6. What will be the biggest change under Cumulus?
We're still in the transition phase, so the biggest change at this point has been stuff like email address and healthcare provider. Operationally, everyone I've dealt with, John Dickey, Mike McVay, Jan Jeffries, Val Garris, Dave Crowl and our Market Manager, Donna Baker, have all been great. They've all been very welcoming.
7. What are your expectations for 101WKQX in 2014?
The first expectation is to beat every stat that Q87.7 achieved in 2013. Beyond that, I don't really know what to expect...meaning, I need about three months to see where the natural range is for our station on this frequency. Once a baseline is established, we can reset goals and expectations. But so far, like with Q87.7, we've exceeded initial expectations.
8. Tell us about adding Brian Phillips to mornings?
I met Brian when we signed on WRXP. He came in as a part-timer to track breaks, and I quickly became a fan of his delivery style and twisted take on common topics. Shortly after we sold WRXP, I hired him to come to Chicago to fill an on-air position on i101. The plan was to move him to WKQX when I had the opportunity to do so. He's just begun his second week (on with Lou Lombardo), and they're quick, funny and share great chemistry. I wish I had made that move sooner.
9. What do you love most about your job?
The vibrancy, creativity and unpredictability of it all.
10. How much new music are you listening to each week and how is your music meeting structured?
I try to keep up, for sure. I won't listen to as many tracks as Walt, but I do get through most of the All Access Download page on a regular basis. Typically, we meet Tuesdays at noon and start by making sure everything's where it should be. Then, we go down the list and listen to a lot of songs and everyone gets to state their opinion. It's a collaborative meeting and we all leave in total agreement. Then, we take the rest of the day off and get our hair and nails done at the shops next door in The Mart. It's exhausting, but we somehow manage...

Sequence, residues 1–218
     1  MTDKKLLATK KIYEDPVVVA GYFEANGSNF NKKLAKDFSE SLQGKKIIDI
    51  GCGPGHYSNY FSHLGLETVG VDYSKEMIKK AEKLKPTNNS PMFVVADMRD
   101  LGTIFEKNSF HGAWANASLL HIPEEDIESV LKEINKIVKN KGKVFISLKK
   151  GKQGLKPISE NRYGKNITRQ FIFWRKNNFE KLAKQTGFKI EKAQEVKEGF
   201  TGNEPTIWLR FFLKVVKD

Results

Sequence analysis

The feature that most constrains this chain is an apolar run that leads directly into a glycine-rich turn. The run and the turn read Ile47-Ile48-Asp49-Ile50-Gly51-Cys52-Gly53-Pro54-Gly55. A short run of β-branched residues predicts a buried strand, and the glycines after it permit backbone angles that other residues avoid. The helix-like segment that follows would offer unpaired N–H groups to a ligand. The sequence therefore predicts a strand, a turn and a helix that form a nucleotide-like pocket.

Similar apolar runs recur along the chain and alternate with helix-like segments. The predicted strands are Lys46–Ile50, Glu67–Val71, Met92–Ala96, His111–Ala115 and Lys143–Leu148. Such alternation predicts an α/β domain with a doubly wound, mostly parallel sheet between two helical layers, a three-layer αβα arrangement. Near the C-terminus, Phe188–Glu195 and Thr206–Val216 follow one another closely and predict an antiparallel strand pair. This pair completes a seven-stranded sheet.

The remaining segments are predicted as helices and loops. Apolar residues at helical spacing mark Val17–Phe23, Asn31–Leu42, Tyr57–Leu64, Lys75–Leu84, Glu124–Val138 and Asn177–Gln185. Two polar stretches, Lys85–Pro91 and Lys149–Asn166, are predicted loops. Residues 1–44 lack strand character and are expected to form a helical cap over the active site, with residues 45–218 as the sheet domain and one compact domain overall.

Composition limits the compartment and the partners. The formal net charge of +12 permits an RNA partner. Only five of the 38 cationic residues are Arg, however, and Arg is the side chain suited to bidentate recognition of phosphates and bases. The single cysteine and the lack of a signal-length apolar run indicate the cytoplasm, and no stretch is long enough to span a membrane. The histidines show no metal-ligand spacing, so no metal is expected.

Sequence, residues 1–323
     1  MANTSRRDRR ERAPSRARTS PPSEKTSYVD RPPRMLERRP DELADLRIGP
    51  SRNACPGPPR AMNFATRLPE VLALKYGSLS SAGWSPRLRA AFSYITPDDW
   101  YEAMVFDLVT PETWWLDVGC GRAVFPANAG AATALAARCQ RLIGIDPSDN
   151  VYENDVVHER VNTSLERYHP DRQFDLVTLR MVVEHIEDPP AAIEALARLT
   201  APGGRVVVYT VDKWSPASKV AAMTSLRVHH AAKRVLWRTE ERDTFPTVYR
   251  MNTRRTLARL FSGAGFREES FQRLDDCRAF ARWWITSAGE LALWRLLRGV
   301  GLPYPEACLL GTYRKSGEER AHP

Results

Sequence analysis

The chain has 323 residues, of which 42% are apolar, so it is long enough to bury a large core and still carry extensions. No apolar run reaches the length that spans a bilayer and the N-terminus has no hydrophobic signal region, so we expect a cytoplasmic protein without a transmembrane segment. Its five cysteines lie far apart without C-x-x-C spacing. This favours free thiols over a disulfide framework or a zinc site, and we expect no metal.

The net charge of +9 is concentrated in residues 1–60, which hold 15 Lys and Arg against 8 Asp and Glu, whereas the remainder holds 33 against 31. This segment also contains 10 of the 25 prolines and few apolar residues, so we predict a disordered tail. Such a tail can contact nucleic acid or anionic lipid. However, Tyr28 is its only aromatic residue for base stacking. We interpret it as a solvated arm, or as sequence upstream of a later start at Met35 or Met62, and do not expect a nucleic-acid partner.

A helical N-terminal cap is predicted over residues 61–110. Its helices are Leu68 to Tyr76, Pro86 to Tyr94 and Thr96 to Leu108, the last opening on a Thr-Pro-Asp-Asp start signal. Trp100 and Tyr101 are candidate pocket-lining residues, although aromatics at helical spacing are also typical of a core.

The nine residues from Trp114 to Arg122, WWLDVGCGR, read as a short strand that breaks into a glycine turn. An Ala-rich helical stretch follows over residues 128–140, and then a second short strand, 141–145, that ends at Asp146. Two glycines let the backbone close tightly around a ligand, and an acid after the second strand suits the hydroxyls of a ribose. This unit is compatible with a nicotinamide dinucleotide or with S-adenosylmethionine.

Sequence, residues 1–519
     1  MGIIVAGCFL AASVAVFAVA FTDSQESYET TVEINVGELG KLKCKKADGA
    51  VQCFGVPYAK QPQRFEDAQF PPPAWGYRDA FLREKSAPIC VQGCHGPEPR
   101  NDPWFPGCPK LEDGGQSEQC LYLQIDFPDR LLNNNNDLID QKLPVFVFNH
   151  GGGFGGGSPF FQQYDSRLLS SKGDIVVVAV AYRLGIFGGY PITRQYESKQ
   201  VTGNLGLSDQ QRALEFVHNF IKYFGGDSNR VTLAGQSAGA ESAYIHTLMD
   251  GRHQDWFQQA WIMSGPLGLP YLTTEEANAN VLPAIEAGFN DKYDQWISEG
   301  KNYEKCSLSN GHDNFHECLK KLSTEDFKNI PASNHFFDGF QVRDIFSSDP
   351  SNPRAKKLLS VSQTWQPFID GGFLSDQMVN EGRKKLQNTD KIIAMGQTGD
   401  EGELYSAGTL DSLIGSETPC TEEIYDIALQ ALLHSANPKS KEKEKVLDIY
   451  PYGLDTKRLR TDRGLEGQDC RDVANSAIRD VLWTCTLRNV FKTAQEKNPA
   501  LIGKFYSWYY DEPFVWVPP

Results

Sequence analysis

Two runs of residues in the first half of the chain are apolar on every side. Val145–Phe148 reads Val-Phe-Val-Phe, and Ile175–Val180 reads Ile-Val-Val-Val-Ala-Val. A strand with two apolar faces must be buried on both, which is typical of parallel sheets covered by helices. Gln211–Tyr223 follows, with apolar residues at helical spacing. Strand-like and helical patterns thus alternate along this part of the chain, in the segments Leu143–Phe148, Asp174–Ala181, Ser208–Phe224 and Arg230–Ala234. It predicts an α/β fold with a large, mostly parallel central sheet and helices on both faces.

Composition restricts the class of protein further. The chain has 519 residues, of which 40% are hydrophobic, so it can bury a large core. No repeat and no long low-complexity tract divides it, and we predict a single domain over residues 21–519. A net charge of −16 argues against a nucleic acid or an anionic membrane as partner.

What excites you as much as NASCAR season?
The list is small - woooo! What's exciting is seeing the connection an audience makes to your ideas, creativity and convictions. That could be selling out a show you created, seeing positive ratings or a crowd's reaction to the song you're playing when the band sings it live. Stuff like that is pretty cool.
Tell us about your ties to Southern California and how you make it work?
In May 2010, I met my fiancée Vanessa while living in Marina del Rey. In February 2011, I moved to Seattle, then in April 2012 moved here. For some reason, she's decided to stick with me. In a typical month, I'll get to LA once or twice to spend time with her. It's hard for her to come to Chicago much, but I don't mind flying there...I can work via the plane's Wi-Fi and I get to take a break from the Chicago weather to see the Pacific Ocean. It's not our ideal scenario, but beats the alternative. I'm grateful that she's patient.